French cooking - `a generous thing'. Roger Verg'e, famed chef and restaurateur, shares his philosophy for entertaining with effortless elegance

There is a certain charm, an elegance, about many things the French do - not just in restaurants and high fashion, but in the way food is presented, the way they set a table, the way they entertain. It all seems so easy and effortless, and stylish. No one understands this kind of ambiance better than chef Roger Verg'e, world-famous owner of the three-star Moulin de Mougins restaurant in Provence, who shared some of his philosophy of cooking and entertaining on a wintry day on a recent visit to Boston.

``Today a chef must have more than the technique of his craft. He must reflect contemporary lifestyles, a better understanding of products and of the symbolic and even imaginary values of food,'' he said. ``Cooking is a generous thing. It's part of living and giving and enjoying.''

Inspired by the sunny climate of southern France, Mr. Verg'e's approach to dining emphasizes fresh ingredients, fewer courses, superb presentation, and an eye for detail that can make a table into a beautiful, colorful picture.

The ancient windmill that he turned into one of the finest restaurants in the world has made its owner famous far beyond the little village of Mougins in Provence. There he features local foods - fresh vegetables, fruits and berries, and, of great importance to chef Verg'e, the fragrant, aromatic wild herbs and flowers that cover the surrounding fields and hills.

Some of the secrets behind the French flair for entertaining are collected in this chef's newest book, ``Roger Verg'e's Entertaining in the French Style'' (Stewart, Tabori & Chang, $45). The lively text includes 135 luminous color photographs of elegant dishes in idyllic settings by Pierre Hussenot.

Twenty beautiful meals pictured in glorious gardens in the south of France, in wonderfully rustic interiors and in a variety of exquisite sunlit dining rooms, are teamed up with recipes, table settings and suggestions for linens, china, and themes for the ambiance.

Verg'e's wife, Denise, is a great collector of antiques and it is she who is largely responsible for the decoration of the restaurants and the flower arrangements.

Verg'e enjoys using fresh herbs and flowers in his cooking. A menu he titles ``A Luncheon of Flowers'' includes red nasturtiums garnishing seafood and leeks; zucchini flowers stuffed with truffles; lamb roasted with wild thyme blossoms; orange meringue tarts with lavender flowers, and acacia flower beignets with powdered sugar.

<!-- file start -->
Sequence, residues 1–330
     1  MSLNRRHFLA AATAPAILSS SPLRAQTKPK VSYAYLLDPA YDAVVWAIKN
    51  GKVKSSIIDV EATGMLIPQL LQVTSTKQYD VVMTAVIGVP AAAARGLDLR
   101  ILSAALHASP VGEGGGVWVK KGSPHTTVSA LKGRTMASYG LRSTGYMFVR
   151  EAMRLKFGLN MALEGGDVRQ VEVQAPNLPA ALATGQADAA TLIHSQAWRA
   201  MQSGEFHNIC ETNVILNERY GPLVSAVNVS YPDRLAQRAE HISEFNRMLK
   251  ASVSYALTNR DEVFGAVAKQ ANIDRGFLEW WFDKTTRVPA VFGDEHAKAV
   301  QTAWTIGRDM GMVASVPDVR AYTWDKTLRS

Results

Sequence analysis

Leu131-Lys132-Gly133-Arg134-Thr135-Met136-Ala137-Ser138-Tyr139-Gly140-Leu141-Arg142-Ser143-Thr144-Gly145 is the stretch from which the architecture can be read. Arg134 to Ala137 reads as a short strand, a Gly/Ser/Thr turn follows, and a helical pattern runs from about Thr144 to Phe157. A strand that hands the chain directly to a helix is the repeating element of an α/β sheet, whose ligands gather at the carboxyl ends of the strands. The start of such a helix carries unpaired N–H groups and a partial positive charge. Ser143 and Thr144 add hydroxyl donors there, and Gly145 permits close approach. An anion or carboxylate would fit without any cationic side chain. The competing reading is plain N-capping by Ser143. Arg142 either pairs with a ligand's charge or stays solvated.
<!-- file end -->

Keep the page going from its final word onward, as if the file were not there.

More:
Recipes are mostly dishes chef Verg'e cooks for friends and family, or food he has enjoyed at the tables of culinary colleagues. Some recipes come from famed restaurateurs like Madame Point of Le Pyramide; others from his adored mentor, Aunt Celestine, who took him shopping when he was very young, and taught him much in her own kitchen.

``Eating is part of culture,'' Verg'e said, telling of the pleasure he has with his 7-year-old daughter, Cordelia, who enjoys learning to cook. ``The right place for young people to learn is in the kitchen, at home,'' he says. ``To me, the home kitchen should be a family room.''

Each menu in his new book has an appealing, sometimes whimsical theme that is usually easy to reproduce. Specific kinds of flatware, china, silver and linens, centerpieces, and flowers are suggested.

The book has a comprehensive guide for shopping and serving French cheeses. Each recipe lists the relative difficulty, cost, and time required. The chef also includes anecdotes and culinary insights that underscore his sophisticated informality.

Compromises or conveniences such as using canned bouillon or bouillon cubes and frozen vegetables are not rampant, but Verg'e mentions frozen products which he says are ``clearly not as good as fresh products, but can contribute to a delicious meal if supplemented with fresh herbs, a nice tomato, a few ounces of originality , and a lot of love.''

Verg'e explains that he wrote the book for home cooks, not professional chefs. There are some recipes from his mother and from friends, to give special character to each menu. ``The atmosphere, too, is very important,'' he explains.